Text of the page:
Since 2009 Iran has seen its power and credibility throughout the region fade. The redeployment of U.S. troops from Iraq increased America’s political, diplomatic, and military options for dealing with Iran. It also enabled the United States to become more deeply engaged in offering the right support for transitions in Libya, Yemen, Egypt, and Tunisia.
Reduced the financial burden of the United States caused by the war
The Iraq war cost U.S. taxpayers far more than the initial estimates provided by the Bush administration in 2003. The costs in fact were upward of $1 trillion, when costs for replenishing the military’s equipment and the projected long-term health care for Iraq war veterans are included.
At the height of the Iraq war, the monthly costs for U.S. taxpayers exceeded $10 billion. The redeployment of U.S. troops from Iraq reduced the overall financial burden for U.S. taxpayers— with $45 billion spent in the last full fiscal year U.S. troops were stationed there.
Rebalancing overall U.S. national security strategy to deal with the real threats to our nation
During the Iraq war the United States was not aligning its considerable resources to address the global threats and challenges our country faced in the world. The United States overinvested in Iraq to the detriment of dealing other global security challenges, including new global economic concerns, climate change, and nuclear proliferation.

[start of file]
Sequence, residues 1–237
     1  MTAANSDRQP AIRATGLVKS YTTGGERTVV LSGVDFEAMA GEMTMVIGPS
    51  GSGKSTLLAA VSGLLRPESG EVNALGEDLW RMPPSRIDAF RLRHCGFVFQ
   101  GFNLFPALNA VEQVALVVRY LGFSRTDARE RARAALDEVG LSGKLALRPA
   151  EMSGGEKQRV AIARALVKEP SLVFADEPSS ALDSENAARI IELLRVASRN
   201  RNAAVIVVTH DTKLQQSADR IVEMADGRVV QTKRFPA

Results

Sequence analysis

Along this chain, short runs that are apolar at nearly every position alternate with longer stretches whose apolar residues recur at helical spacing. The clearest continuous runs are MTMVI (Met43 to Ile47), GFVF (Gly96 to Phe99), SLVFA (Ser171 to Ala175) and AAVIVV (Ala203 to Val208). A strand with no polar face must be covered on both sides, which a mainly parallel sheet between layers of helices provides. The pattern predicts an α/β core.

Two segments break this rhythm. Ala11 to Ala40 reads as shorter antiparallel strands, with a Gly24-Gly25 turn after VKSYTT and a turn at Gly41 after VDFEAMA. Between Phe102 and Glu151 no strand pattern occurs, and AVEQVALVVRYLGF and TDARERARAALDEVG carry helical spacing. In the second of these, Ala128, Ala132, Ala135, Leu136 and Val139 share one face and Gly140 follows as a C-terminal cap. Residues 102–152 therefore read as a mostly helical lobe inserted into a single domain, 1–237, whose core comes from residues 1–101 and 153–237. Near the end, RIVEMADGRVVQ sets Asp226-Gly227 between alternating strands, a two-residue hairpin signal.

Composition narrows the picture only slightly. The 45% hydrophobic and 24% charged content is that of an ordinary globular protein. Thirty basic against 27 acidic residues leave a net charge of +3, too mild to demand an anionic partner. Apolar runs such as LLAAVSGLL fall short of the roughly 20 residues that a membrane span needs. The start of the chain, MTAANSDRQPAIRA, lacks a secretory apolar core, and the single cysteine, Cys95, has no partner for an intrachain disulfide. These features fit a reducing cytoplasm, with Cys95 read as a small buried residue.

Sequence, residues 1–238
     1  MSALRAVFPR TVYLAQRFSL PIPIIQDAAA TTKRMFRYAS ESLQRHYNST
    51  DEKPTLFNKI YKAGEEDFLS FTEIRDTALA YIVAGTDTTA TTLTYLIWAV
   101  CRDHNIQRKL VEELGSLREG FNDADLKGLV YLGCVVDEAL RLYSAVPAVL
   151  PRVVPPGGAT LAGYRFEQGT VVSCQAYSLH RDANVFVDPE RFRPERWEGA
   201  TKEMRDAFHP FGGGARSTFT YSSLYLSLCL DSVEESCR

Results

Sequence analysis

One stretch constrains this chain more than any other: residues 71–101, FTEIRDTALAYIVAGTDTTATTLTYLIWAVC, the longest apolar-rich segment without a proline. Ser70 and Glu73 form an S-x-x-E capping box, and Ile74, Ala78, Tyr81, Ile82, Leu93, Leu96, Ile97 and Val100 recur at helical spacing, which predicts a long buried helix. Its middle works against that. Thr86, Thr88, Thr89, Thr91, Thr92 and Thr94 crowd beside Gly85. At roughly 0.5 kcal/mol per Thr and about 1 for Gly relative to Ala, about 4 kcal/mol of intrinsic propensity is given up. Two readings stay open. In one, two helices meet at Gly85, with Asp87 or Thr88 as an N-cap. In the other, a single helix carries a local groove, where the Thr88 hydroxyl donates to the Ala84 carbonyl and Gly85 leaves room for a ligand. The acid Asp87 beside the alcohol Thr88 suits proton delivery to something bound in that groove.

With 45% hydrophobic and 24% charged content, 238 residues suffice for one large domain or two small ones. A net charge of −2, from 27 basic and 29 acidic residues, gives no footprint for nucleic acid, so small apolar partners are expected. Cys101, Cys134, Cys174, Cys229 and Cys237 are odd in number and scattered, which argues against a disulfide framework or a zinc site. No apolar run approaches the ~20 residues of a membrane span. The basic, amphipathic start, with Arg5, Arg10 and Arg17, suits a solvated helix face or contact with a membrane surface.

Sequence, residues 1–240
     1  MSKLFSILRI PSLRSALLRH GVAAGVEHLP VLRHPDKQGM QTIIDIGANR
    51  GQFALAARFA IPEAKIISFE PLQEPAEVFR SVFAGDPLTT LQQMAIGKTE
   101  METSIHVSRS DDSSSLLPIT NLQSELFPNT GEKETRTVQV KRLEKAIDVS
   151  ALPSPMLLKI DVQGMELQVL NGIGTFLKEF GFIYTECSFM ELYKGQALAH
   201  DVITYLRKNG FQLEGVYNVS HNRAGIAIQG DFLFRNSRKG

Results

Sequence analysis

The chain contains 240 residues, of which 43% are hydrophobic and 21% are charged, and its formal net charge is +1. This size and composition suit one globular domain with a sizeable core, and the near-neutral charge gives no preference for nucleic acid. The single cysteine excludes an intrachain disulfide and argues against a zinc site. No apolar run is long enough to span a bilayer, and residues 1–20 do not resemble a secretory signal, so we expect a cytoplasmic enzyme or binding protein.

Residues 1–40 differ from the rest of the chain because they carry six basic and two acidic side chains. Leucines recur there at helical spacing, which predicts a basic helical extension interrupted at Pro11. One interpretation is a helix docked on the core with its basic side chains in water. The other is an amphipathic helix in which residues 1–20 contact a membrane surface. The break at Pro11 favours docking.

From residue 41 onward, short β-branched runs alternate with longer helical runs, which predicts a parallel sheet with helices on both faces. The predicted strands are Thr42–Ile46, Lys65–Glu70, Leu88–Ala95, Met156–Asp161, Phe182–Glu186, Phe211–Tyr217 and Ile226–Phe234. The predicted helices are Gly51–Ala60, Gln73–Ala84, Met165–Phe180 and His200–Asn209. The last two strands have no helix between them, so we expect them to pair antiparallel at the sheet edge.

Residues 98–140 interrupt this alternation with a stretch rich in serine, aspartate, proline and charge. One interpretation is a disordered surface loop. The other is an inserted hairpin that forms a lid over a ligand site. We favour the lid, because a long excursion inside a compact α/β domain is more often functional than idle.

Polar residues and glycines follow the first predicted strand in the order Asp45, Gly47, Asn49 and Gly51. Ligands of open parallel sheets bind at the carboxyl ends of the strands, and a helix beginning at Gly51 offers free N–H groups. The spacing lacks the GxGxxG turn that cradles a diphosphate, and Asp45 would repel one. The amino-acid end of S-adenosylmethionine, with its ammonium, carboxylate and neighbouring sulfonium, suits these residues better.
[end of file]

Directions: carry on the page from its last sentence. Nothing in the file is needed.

By ending the Iraq war, the Obama administration was able to focus more resources and attention to these challenges. The pivot toward Asia announced during President Obama’s trip to that region last year is one key example of this rebalancing.
The future of the United States and Iraq
At the end of 2011, the United States ended one phase of U.S. engagement in Iraq and started a new phase. This new phase involves continued diplomatic, economic, and security support to the Iraqi government. Iraqis continue to face considerable challenges and hardship, but now their leaders have a greater responsibility to address these problems.
The United States needed to end the Iraq war to rebalance its overall national security strategy, and it needs to remain engaged with Iraq to offer much needed support. We all honor those who served there knowing the Obama administration took the right step in fulfilling its commitment to end the Iraq war.
Brian Katulis is a Senior Fellow at the Center for American Progress.
To speak with our experts on this topic, please contact:
Print: Katie Peters (economy, education, poverty, Half in Ten Education Fund)
202.741.6285 or firstname.lastname@example.org
Print: Anne Shoup (foreign policy and national security, energy, LGBT issues, health care, gun-violence prevention)
202.481.7146 or email@example.com
Print: Crystal Patterson (immigration)
202.478.6350 or firstname.lastname@example.org
Print: Madeline Meth (women's issues, Legal Progress, higher education)
202.741.6277 or email@example.com
Spanish-language and ethnic media: Tanya Arditi
202.741.6258 or firstname.lastname@example.org
TV: Lindsay Hamilton
202.483.2675 or email@example.com
Radio: Chelsea Kiene
202.478.5328 or firstname.lastname@example.org